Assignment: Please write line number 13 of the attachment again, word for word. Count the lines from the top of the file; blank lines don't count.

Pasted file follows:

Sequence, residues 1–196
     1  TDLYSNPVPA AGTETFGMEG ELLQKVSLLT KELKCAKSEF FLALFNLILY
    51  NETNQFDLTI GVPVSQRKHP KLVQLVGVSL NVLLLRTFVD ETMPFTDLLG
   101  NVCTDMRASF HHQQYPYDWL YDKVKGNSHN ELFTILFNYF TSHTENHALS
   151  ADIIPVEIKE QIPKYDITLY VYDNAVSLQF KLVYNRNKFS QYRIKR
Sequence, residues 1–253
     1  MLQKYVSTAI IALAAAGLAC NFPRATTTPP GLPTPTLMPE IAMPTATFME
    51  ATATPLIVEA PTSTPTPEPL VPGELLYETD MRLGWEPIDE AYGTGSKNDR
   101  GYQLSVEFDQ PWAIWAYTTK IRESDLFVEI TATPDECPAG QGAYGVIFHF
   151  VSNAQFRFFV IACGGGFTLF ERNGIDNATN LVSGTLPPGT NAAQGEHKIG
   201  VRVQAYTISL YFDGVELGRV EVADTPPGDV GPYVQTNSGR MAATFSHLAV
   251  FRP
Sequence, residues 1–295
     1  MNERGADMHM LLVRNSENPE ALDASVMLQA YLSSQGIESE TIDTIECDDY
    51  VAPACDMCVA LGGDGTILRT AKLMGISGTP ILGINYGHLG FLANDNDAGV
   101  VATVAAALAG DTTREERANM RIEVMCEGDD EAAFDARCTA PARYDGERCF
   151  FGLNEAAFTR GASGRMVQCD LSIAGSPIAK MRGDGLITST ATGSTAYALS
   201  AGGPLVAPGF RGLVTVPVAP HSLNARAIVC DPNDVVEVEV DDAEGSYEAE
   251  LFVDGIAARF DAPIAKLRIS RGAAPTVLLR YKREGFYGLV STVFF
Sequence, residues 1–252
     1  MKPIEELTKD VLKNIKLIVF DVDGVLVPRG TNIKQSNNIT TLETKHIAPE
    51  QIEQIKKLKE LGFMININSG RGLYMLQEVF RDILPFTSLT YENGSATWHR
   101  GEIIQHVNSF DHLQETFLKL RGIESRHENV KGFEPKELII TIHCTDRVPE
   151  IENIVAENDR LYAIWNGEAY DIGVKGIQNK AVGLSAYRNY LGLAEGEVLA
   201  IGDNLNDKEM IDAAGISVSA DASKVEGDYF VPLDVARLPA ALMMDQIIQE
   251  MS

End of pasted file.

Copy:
Sequence, residues 1–295